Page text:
Friday, July 13, 2012

How to get Debian WORKING on my Raspberry Pi

           I ordered my Raspberry Pi in the first couple weeks that it was available, and after a 4 month wait because the demand was so high, it has arrived. So what is a Raspberry Pi and what are the first steps you should do to use it? Well the first thing I did was read lots of instructions. Why? you may ask. Well because these instructions are engineers speaking to engineers. Now if this was a standard tool, or TV, or something that people grew up using everyday then I wouldn't stress or waste my time reading any manual. this is different, so read the instructions!

A Raspberry Pi is one of my favorite deserts, and also the name of my newest electronic toy. It's ...

 


...called Raspberry Pi because it's a cool name. But actually its a complex little computer that is about the size of a debit card.

Broadcom chip that contains BCM2835 700Mhz CPU
GPU - Broadcom VideoCore IV - can run 1080p30 videos
256MB ram
Composite video, HDMI, 2x USB2.0, 3.5mm audio jack
SPI, I2C, 8x GPIO pins
B model includes Ethernet port 10/100
Requirements/Software
So lets get to business, first there are a few parts that you are going to need. First is a power cord with a micro-B connector. If you don't know what a micro-B connector is, then google it. Next you'll need some form of wall wort to power it, I used the one from my motorola phone. The important thing is that it has 500-1000mA of current and 5V. I also used a HDMI->DVI cable, a mouse and keyboard (low power ones work best). The last thing needed is an SD card, I used the one I got from Fry's for $5. 

From your PC you can do one of two things when installing Debian, you can use windows or linux. Most my blogs are on linux but i'm going to use windows because I tried it and it worked great on my first try.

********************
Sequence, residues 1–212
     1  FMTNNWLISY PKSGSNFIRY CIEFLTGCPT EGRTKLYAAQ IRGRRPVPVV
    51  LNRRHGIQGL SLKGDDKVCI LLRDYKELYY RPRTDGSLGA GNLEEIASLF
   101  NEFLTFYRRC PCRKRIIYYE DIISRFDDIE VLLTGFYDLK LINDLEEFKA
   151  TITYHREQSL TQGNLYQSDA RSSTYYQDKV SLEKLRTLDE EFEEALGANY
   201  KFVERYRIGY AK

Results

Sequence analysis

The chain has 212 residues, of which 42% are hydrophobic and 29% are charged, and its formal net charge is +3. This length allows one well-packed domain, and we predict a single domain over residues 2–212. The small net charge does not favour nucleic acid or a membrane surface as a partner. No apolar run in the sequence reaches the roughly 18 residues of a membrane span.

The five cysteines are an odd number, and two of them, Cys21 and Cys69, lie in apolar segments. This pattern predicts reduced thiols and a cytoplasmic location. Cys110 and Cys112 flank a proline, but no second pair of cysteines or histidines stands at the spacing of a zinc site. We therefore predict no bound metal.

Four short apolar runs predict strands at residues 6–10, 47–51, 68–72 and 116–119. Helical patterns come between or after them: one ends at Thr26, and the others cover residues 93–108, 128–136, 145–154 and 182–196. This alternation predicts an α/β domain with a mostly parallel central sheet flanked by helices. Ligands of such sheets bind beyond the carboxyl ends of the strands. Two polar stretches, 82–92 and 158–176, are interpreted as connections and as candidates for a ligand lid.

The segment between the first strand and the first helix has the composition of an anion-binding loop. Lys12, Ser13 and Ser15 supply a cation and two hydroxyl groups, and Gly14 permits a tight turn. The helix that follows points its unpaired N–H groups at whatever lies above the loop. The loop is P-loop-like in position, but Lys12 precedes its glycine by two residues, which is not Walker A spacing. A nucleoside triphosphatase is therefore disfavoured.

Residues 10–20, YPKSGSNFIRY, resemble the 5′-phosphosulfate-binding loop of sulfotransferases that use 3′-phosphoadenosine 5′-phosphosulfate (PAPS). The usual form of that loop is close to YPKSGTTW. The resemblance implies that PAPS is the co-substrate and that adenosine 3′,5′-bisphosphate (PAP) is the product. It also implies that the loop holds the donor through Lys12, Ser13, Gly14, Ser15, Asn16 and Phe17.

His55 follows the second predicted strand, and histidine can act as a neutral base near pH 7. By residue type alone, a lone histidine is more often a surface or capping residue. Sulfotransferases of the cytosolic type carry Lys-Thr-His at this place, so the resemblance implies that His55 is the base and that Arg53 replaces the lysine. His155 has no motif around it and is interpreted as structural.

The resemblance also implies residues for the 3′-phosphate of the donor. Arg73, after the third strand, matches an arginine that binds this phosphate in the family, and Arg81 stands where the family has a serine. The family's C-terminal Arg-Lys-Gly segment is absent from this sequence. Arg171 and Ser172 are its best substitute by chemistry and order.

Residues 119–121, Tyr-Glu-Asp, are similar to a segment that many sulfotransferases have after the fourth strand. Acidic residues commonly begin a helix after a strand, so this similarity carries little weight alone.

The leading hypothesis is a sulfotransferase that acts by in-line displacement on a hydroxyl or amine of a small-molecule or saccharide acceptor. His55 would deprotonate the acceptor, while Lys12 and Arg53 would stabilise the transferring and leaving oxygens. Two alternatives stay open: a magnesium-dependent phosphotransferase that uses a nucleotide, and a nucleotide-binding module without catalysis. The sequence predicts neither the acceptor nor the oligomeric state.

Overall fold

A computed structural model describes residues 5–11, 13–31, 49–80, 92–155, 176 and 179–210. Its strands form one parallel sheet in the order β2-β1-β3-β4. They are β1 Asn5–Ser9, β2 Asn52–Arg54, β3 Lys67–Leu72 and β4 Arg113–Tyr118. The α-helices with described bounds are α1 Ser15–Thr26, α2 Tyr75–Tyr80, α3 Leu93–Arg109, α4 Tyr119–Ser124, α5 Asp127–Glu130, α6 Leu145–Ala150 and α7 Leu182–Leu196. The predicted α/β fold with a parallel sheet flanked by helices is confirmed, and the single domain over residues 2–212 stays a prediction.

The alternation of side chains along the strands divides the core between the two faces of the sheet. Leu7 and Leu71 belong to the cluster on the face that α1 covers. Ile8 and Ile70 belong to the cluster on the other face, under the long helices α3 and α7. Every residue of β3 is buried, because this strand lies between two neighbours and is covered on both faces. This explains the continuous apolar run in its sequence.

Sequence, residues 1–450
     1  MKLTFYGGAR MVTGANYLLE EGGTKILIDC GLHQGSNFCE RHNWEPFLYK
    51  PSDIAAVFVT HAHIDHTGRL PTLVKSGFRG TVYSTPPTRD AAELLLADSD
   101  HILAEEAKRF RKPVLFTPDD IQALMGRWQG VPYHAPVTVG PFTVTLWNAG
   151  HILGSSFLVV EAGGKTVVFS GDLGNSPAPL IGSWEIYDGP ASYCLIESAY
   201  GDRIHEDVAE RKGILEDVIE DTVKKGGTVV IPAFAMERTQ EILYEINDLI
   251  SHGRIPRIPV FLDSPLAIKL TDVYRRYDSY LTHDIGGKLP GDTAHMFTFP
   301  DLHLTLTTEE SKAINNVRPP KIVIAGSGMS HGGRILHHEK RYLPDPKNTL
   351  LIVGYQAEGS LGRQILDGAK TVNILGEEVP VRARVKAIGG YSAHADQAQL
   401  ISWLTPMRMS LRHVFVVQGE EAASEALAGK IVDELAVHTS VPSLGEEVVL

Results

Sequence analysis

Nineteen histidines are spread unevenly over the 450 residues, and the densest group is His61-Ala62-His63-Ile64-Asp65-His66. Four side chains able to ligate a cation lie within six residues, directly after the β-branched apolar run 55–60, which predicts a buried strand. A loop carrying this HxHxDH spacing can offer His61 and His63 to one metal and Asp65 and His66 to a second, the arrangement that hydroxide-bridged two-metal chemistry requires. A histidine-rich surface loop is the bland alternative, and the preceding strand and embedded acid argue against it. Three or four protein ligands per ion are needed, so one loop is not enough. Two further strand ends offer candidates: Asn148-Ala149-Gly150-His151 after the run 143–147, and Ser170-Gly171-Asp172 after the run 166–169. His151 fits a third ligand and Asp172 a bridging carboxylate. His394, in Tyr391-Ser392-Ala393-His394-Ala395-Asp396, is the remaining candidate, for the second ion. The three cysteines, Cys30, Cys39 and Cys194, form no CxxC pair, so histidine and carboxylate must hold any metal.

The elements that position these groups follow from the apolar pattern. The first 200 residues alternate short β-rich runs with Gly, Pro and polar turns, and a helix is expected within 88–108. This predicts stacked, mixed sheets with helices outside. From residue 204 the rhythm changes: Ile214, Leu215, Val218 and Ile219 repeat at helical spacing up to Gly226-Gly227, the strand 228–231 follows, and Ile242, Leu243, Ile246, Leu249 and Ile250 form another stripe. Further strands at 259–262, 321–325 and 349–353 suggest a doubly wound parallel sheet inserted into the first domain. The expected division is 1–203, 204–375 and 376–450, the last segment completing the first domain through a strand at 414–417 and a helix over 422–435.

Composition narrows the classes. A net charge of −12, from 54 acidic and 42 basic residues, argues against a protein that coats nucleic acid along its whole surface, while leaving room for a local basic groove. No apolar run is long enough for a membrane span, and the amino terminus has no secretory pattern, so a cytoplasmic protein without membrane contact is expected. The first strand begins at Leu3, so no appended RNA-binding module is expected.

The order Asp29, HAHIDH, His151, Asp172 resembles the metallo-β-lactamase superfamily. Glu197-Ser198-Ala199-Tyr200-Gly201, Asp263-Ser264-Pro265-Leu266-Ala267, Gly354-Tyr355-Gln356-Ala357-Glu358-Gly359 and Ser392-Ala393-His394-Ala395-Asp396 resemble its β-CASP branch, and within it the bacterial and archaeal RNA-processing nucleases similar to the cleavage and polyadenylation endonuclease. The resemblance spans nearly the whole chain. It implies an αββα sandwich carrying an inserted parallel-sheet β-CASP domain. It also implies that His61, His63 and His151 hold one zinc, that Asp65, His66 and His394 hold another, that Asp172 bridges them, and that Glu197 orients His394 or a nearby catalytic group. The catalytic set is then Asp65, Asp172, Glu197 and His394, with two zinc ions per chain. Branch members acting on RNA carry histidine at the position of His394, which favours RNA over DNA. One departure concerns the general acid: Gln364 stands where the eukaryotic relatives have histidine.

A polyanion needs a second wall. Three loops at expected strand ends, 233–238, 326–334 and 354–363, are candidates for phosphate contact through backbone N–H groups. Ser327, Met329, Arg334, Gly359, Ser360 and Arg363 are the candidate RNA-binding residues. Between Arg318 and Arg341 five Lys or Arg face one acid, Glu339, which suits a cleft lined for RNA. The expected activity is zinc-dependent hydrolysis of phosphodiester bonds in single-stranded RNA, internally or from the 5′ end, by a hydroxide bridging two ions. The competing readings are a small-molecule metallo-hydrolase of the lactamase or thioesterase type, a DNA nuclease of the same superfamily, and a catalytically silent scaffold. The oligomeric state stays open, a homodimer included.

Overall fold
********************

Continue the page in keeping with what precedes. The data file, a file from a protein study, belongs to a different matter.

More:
Download the debian file here------> FILE TO DOWNLOAD (443MB)
or go to http://www.raspberrypi.org/downloads for more downloads

Next you'll want to verify you downloaded it correctly so do a checksum on it. check for the following number. 

SHA- 11852df83a11ee7083ca0e5f3fb41f93ecc59b1c8

If you don't know how to do a checksum, I would recommend some easy software ---> Checksum


Installation
So the next part is installing Debian onto your Raspberry Pi. I used a tool called Win32-image-writer. Make sure you go and download the binary version.


Once this is download you can run the tool. It looks like this:


You'll need to load the .IMG file from the debian download earlier. Then select your SD card in the device. Once you've done this press the write button and sit back and let it do all the work. Very easy!!


Load into the Pi

Now that the Debian image has been written to the SD card, put it in the Raspberry Pi. Hook up an Ethernet cable, HDMI, USB keyboard and mouse and connect the power!

The system will boot up and load for the first time, mine required a reboot once through the process. Once it has fully rebooted and is asking for a login, here is the default password and user name.

Username: pi
Password: raspberry
The system is essentially a Debian server with a few added packages. Now most people that are new to the world of Linux won't like the Terminal feel. This is where you will want to start the Graphical User Interface (GUI). To do this type:

startx

You should see it boot into this screen, and everything is up and running.


One of the last things you should do is update the system. To do this you need to update the list of updates by running:

sudo apt-get update

Then you will want to apply these updates by:

sudo apt-get upgrade

About 20+ minutes later your Raspberry Pi is up and running. 

Also, once you boot you'll see a black border around your screen. Add the following to /boot/config.txt and this will fix that problem. Now this file didn't excist for me, so I had to create it first

cd~/
cd /boot/
sudo nano config.txt

add the following line:

disable_overscan=1

Thanks for reading my tutorial about how I got my Pi up and running. Please feel free to comment and ask questions below. I will be doing more tutorials about other features of the Raspberry Pi as time progresses.


Great reference sites:

http://elinux.org/RPi_Beginners
http://elinux.org/RPi_config.txt

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